Regardless of how you look at it, there's no way any of this makes sense.  There's no law requiring people carry ID.  IMHO resistance and obstruction charges should not exist when there are no other charges, or all other charges are dropped.

          •  I understand and agree with you, (1+ / 0-)
            Recommended by:

            but one other example that happens all the time.  You find a parking space in the middle of the block, and your destination is across the street.  If there is no traffic, you should be able to cross where without fear of a ticket.  I don't need government to hold my hand to cross the street.  If I interfere with traffic however, then I deserve the ticket.  

            Either way, I won't receive a ticket in my college town because that doesn't seem to attract the attention of our local police.  The natural outgrowth is the students never follow that law.  When passing the college, students cross against the light and REALLY interfere wiith traffic.  This gives me confidence I won't be ticketed.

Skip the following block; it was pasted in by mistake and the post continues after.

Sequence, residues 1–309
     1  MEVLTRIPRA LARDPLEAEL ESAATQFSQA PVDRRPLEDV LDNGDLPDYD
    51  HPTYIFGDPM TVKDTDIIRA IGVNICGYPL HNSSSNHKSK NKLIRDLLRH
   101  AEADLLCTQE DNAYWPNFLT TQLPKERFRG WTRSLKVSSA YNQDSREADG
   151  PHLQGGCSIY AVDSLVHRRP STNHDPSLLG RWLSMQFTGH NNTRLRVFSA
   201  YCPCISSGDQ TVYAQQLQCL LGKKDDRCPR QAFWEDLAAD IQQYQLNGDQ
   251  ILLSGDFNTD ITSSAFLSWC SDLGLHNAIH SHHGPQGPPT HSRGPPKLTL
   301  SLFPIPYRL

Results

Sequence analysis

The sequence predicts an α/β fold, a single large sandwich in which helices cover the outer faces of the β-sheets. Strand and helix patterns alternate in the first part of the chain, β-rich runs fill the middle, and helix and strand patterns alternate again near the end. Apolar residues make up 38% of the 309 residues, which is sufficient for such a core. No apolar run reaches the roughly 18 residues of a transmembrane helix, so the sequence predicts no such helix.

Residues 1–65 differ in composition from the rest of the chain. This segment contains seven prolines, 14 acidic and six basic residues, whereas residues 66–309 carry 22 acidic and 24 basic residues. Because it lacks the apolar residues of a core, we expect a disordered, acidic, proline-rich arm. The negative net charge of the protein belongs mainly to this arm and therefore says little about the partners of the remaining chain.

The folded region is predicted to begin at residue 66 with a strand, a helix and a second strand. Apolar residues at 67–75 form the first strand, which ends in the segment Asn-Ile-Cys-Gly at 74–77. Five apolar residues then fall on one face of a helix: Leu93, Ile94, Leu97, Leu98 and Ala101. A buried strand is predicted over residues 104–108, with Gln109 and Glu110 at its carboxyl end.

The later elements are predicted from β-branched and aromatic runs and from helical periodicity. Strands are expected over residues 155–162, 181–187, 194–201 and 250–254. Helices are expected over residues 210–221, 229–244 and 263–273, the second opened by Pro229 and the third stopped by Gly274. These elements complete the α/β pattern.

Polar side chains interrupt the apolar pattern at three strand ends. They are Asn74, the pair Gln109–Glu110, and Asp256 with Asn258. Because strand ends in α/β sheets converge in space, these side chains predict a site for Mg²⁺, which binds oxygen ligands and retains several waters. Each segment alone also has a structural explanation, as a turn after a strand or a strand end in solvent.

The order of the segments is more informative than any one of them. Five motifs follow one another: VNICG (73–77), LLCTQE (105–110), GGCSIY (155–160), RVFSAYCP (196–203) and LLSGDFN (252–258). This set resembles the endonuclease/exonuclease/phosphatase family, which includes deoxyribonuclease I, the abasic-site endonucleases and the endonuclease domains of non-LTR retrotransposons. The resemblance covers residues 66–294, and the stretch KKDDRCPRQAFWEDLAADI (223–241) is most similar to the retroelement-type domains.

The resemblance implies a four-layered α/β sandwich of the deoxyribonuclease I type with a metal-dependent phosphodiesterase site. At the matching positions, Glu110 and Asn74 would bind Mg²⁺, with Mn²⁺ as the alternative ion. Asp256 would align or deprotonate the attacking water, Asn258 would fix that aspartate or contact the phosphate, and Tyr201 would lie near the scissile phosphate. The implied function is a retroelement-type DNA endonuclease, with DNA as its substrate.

•  So slow down and look for people. (0+ / 0-)

        Pedestrians rarely come out of nowhere. Drivers, on the other hand, frequently charge through intersections and crosswalks completely heedless of anyone who may be on foot. Slow down and look for others.

        Where was Jeff Gannon on Pretzel Day?

        by Sam Berdoux on Sun Mar 17, 2013 at 11:38:10 AM PDT

        [ Parent ]

        •  I am a very careful driver (0+ / 0-)